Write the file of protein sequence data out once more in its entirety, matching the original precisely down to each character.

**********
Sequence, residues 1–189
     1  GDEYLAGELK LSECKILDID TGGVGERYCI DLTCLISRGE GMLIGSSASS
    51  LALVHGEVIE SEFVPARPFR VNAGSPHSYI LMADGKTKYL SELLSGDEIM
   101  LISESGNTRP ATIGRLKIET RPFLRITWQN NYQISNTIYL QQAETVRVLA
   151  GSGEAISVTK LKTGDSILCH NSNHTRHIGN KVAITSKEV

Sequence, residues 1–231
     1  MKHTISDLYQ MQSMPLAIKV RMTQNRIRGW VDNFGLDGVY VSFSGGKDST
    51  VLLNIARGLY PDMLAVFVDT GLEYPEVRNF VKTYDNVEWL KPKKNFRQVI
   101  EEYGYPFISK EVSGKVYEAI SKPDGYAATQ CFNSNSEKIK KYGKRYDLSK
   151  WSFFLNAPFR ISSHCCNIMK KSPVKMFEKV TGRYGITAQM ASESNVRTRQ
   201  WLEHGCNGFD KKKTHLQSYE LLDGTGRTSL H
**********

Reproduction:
Sequence, residues 1–189
     1  GDEYLAGELK LSECKILDID TGGVGERYCI DLTCLISRGE GMLIGSSASS
    51  LALVHGEVIE SEFVPARPFR VNAGSPHSYI LMADGKTKYL SELLSGDEIM
   101  LISESGNTRP ATIGRLKIET RPFLRITWQN NYQISNTIYL QQAETVRVLA
   151  GSGEAISVTK LKTGDSILCH NSNHTRHIGN KVAITSKEV

Sequence, residues 1–231
     1  MKHTISDLYQ MQSMPLAIKV RMTQNRIRGW VDNFGLDGVY VSFSGGKDST
    51  VLLNIARGLY PDMLAVFVDT GLEYPEVRNF VKTYDNVEWL KPKKNFRQVI
   101  EEYGYPFISK EVSGKVYEAI SKPDGYAATQ CFNSNSEKIK KYGKRYDLSK
   151  WSFFLNAPFR ISSHCCNIMK KSPVKMFEKV TGRYGITAQM ASESNVRTRQ
   201  WLEHGCNGFD KKKTHLQSYE LLDGTGRTSL H